As a society, we were far more concerned about overpopulation of the planet during the 70s than we are now. The publication of Paul Ehrlich’s incendiary bestseller “The Population Bomb” in 1968 is a big reason for the paradigm shift, but it was Hollywood that provided us with the visuals, in lurid detail. Popular sci-fi classics like Logan’s Run, THX-1138 and Soylent Green are recognizable examples of such neo-Malthusianism, but they just skirted around the topic. Not so the creators of Z.P.G., a 1972 dystopian thriller that tackles the subject matter head on.
Bleak and oppressive in a way that only the post-hippy, head-trippy 70s could envision, Z.P.G. – short for Zero Population Growth – takes place on an uber smoggy earth, populated by so many people the only real pastime appears to be milling around in the smoke until something interesting happens. That is, when the futuristic citizenry isn’t standing in line to watch wooden stageplay recreations of hedonistic lifestyles in the 7th decade of the 20th century, from behind velvet ropes. To make things even more unrelentingly grim, the ubiquitous totalitarian government has instituted a 30-year ban on childbearing, punishable by death to transgressors.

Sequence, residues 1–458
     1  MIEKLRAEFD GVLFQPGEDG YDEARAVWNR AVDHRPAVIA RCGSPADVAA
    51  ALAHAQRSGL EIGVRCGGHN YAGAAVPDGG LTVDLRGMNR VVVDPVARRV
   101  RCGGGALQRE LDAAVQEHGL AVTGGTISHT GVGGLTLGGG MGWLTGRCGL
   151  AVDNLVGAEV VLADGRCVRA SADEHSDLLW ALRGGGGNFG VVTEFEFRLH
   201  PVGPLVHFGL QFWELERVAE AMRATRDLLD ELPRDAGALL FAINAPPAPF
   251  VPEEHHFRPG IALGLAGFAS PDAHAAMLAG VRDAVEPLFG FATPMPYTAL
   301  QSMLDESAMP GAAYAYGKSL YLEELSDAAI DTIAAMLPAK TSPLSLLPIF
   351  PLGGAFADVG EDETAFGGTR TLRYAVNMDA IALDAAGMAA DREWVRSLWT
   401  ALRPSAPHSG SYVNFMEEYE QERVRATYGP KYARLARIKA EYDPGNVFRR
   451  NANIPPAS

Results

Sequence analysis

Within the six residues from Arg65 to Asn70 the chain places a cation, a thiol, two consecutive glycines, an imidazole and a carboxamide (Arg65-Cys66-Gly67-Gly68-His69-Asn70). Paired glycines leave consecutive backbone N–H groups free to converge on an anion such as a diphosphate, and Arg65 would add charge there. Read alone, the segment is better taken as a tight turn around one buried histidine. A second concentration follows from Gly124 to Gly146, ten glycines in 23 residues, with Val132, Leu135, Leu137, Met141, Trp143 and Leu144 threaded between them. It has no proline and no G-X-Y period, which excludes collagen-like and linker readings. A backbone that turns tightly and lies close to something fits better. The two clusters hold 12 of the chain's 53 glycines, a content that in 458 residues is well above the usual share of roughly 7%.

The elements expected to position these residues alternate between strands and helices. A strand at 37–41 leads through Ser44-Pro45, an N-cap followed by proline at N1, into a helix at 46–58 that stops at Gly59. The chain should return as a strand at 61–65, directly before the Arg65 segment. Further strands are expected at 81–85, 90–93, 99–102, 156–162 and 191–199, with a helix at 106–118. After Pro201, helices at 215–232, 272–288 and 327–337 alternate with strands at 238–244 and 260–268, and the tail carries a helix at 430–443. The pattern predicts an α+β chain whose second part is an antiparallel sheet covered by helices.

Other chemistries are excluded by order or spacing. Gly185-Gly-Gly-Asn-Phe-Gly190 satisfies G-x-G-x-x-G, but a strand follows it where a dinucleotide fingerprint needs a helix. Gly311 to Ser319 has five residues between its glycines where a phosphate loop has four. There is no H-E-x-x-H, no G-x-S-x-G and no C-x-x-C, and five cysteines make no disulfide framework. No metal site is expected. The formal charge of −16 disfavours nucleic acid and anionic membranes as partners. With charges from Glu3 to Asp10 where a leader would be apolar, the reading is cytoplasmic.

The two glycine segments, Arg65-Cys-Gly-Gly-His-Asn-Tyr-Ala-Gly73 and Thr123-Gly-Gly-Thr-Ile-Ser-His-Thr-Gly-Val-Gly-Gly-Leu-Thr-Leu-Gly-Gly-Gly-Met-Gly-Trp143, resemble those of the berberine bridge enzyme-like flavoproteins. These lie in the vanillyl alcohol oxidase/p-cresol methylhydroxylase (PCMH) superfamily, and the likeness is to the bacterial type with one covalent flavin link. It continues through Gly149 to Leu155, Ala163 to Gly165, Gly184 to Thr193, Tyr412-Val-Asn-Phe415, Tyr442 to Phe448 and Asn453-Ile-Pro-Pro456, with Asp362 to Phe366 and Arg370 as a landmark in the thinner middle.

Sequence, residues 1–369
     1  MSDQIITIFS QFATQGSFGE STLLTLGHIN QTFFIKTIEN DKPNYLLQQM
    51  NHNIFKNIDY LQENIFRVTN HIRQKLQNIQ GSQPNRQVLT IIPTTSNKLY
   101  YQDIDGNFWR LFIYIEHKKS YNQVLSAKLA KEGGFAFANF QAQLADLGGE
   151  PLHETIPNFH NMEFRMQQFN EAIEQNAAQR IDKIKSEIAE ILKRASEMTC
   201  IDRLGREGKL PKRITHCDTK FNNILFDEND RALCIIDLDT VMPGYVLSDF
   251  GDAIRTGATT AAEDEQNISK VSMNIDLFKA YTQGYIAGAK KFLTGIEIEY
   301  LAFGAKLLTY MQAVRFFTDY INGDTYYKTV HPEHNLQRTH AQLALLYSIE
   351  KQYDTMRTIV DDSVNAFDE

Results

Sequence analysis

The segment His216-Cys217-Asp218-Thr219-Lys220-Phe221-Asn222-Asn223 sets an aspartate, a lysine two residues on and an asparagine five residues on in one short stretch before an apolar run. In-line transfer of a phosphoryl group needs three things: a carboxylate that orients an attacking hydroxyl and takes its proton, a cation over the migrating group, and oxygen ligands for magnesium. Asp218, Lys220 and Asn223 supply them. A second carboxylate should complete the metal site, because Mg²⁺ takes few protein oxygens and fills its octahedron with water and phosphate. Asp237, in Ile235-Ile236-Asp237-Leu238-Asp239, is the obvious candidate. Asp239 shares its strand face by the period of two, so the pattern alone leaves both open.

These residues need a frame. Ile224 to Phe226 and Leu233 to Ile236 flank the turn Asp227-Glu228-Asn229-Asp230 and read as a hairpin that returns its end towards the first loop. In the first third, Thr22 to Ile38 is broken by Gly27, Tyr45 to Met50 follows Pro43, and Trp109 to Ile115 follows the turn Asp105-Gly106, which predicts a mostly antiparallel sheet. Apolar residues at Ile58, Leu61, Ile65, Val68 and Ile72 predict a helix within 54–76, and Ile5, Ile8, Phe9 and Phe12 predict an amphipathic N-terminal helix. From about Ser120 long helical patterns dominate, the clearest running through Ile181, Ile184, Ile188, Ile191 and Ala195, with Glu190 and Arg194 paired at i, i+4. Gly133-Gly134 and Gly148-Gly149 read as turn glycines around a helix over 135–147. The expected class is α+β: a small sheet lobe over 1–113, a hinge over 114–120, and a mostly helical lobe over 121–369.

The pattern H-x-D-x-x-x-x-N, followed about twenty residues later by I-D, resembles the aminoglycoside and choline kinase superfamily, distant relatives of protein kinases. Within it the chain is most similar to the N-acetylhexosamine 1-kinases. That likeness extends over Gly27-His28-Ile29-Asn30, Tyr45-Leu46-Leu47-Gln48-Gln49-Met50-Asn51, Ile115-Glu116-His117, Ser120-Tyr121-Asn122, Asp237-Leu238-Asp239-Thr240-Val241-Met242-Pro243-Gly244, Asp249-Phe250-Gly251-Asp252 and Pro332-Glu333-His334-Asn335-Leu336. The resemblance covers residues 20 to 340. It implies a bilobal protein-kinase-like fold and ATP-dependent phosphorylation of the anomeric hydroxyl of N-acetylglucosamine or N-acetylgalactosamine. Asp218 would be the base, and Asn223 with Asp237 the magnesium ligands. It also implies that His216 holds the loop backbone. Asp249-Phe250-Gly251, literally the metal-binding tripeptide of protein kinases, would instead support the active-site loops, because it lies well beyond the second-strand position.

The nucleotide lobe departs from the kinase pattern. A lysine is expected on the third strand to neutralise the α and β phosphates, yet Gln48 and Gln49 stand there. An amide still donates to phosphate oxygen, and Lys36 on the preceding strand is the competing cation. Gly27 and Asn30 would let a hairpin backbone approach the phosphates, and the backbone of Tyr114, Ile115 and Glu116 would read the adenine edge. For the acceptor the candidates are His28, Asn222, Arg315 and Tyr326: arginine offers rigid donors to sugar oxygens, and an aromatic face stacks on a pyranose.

To crank the proceedings into the creepy zone, couples of child-bearing age are sent to “Babyland,” in an attempt to curb their natural impulses, where they are provided with life-sized, dead-eyed robotic children like something out of the Twilight Zone. (Obscure fact: those creepy dolls were created by British special effects designer Derek Meddings, who helped introduce the world to “supermarionation,” as seen in such classic series as Supercar, Fireball XL5 and Thunderbirds.) Leave it to one “socially transgressive” couple to thwart the authorities and pop one out themselves, only to discover just how hard it is to hide the bouncing bundle of “joy.”
Featuring star turns by Oliver Reed and Geraldine Chaplin, two of the bigger stars of the day, Z.P.G. also boasts some of the grooviest retrofuturism ever committed to celluloid. From the turtleneck jump suits and groovy hubcap-sized medallions, to the modular, claustrophobic sets and depictions of rampant capitalism and environmental disregard as the greatest sins of the 20th century, this is the future that never was with an Orwellian meets Warholian twist. If you occasionally favor deep character development and satirical examinations of sociopolitical trends over thrill-a-minute action sequences and overblown CGI effects, Z.P.G. is well worth seeking out.